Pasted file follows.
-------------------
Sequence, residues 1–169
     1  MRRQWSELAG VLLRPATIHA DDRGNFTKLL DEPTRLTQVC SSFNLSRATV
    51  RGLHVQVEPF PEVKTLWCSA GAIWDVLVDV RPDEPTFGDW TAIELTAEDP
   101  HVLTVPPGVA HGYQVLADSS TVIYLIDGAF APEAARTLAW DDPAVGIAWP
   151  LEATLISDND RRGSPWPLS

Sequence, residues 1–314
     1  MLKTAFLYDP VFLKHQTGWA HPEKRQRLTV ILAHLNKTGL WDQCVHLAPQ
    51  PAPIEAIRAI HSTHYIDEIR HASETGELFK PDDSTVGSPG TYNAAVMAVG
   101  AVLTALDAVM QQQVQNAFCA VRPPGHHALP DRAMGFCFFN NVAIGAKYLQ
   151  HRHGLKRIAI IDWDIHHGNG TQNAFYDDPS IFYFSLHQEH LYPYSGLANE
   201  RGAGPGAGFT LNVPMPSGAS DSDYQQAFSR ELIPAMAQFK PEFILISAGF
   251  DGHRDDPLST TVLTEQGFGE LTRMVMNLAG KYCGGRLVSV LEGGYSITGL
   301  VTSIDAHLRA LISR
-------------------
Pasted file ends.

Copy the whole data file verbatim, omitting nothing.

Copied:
Sequence, residues 1–169
     1  MRRQWSELAG VLLRPATIHA DDRGNFTKLL DEPTRLTQVC SSFNLSRATV
    51  RGLHVQVEPF PEVKTLWCSA GAIWDVLVDV RPDEPTFGDW TAIELTAEDP
   101  HVLTVPPGVA HGYQVLADSS TVIYLIDGAF APEAARTLAW DDPAVGIAWP
   151  LEATLISDND RRGSPWPLS

Sequence, residues 1–314
     1  MLKTAFLYDP VFLKHQTGWA HPEKRQRLTV ILAHLNKTGL WDQCVHLAPQ
    51  PAPIEAIRAI HSTHYIDEIR HASETGELFK PDDSTVGSPG TYNAAVMAVG
   101  AVLTALDAVM QQQVQNAFCA VRPPGHHALP DRAMGFCFFN NVAIGAKYLQ
   151  HRHGLKRIAI IDWDIHHGNG TQNAFYDDPS IFYFSLHQEH LYPYSGLANE
   201  RGAGPGAGFT LNVPMPSGAS DSDYQQAFSR ELIPAMAQFK PEFILISAGF
   251  DGHRDDPLST TVLTEQGFGE LTRMVMNLAG KYCGGRLVSV LEGGYSITGL
   301  VTSIDAHLRA LISR